Selling a car at home in the UK may seem like an easy way to get rid of an old car and make some money, but what is the law about selling a car at home in the UK? In this article, we will discuss the rights and obligations of selling a car at home for both buyer and seller.
The overall advice in this article comes down to the fact that selling a car privately is legal in the UK, but it needs to be roadworthy. If it is not roadworthy you need to fix it before selling or, consider scrapping your car.
Rights and Obligations as a Seller
When selling a car at home in the UK, there are several legal obligations that must be met by the seller. It is important to ensure that all documents relating to both vehicle ownership and its condition are kept up to date. The buyer will also expect to see any MOTs or service history of the car.
What legal documents do you need to provide?
- The seller must provide the V5C document (also known as the log book) which proves ownership of the vehicle.
- A valid MOT certificate if applicable.
- An invoice showing what was paid for the car and what condition it was in when bought, including any parts, replaced or repaired since purchase.
In addition to providing such documentation, sellers are also financially responsible for any discrepancies or faults which may be identified in relation to the vehicle’s condition. The seller is obliged to disclose any information they have regarding a fault that has been identified with the car and must provide evidence of their intention to rectify the issue.
After selling your car
Once you sell your car privately you need to provide a car buyers contract. This acts as a receipt and should be signed by both the seller and the buyer. The car buyers contract will state that the car was “sold as seen, tried and approved without guarantee”.
As previously mentioned, the car needs to be roadworthy to be able to be sold. You can sell an unroadworthy car, but it needs to be clear in the car buyers contract that the buyer is fully aware of the condition. The only legal reason for selling an unroadworthy car is for repairing another car with spare parts, or making the car roadworthy. Again, make sure this is clear in the car buyers contract.
One aspect of a private sale that you should know is that, in recent years, UK vehicle tax is not attached to the vehicle, but to the owner. So if you purchase a new car, the seller needs to request a refund and the buyer needs to purchase vehicle tax in their name for their new car. You can purchase vehicle tax through the vehicle tax government portal.
Common FAQs on selling your car at home
Can you get paid in cash?
The law states that sellers must only accept payment through bank transfer or a cheque. Cash is not an accepted form of payment and may be considered illegal in the eyes of the law.
Can you sell a car on the side of a road in the UK?
No, it is illegal to sell a car at the side of the road in the UK. You should always ensure that you are selling your vehicle from private or public property and not on public land.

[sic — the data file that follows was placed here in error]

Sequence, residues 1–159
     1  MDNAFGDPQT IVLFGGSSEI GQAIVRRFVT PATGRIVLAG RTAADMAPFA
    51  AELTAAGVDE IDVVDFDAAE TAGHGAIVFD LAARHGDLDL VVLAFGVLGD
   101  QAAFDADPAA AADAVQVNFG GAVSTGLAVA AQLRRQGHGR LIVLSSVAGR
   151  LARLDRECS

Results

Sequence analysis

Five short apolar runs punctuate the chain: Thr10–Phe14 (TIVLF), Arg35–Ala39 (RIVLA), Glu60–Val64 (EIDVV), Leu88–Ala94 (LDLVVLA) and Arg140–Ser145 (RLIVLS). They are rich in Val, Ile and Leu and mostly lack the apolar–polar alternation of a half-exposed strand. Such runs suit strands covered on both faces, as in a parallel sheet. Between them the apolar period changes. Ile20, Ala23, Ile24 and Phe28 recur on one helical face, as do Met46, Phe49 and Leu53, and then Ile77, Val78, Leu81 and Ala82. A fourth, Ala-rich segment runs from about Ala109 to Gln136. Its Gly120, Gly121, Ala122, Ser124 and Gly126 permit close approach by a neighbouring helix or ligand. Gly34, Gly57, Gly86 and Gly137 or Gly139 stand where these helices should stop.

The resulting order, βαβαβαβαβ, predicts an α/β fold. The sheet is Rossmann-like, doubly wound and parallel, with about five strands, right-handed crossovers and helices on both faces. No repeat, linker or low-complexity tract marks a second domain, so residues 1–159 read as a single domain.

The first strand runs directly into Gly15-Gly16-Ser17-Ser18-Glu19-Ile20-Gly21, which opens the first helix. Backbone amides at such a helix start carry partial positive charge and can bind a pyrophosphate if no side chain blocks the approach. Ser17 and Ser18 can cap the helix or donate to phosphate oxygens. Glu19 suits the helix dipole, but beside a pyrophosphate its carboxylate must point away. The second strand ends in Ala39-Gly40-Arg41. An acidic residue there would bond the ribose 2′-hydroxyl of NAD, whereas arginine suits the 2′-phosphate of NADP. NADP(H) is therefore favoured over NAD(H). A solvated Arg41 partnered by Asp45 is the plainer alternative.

What will happen if you break the law by selling a car?
If you break the law when selling a car, then you could face fines and/or prosecution. As well as this, it is likely that any money made from the sale of the vehicle would be seized and refunded to the buyer.
Can you test drive a car that is sold privately?
Before allowing a would-be buyer to take your car for a spin, do your due diligence and make sure they have the necessary licence credentials – plus an adequate insurance policy that covers Driving Other Cars (DOC). If you predict more than one person will be test driving, it may even be possible to extend your own coverage temporarily. But no matter what – always accompany any prospective buyers on their drive as leaving them alone in such a situation could lead to theft of said vehicle.
What should you be aware of as a buyer of a private car sale?
As a buyer, it is important to be aware that the seller may not have provided all the necessary documentation for you to legally own the car. It is essential to do your due diligence when buying a car privately, such as having an independent inspection of the vehicle done and ensuring that all paperwork and additional parts are accounted for.
What happens if you buy a faulty car from a private seller?
If you buy a faulty car from a private seller, then the seller has what is known as ‘implied terms’ which guarantee that the car will be of satisfactory quality and fit for purpose. If this term is breached, then you may be entitled to a refund or compensation from the seller.
However, if you are fully aware of the cars condition before the sale then you are not entitled to compensation. In fact, you can even sell your car privately with a failed MOT.
The law regarding selling a car at home in the UK is complex and it is important to be aware of what rights and obligations you have as a seller. It’s best to provide as much information as possible to the buyer, including paperwork and any evidence of maintenance work that has been carried out on the car.
For buyers, it is essential to conduct due diligence and be aware of what legal documents you need to validate the purchase. Finally, if anything is suspected to be wrong with the car, sellers have an obligation to disclose this information and buyers should consider the ‘implied terms’ when making their purchase.
By understanding what the law is when selling a car at home in the UK, buyers and sellers can ensure that they comply with all necessary regulations.If your car is not roadworthy and you are unable to sell it, then you can still make money by scrapping your car. Assington Autos provides a car scrappage service all over the South East of England, you can scrap your car in Colchester, Basildon, Ipswich, Harlow and many more locations!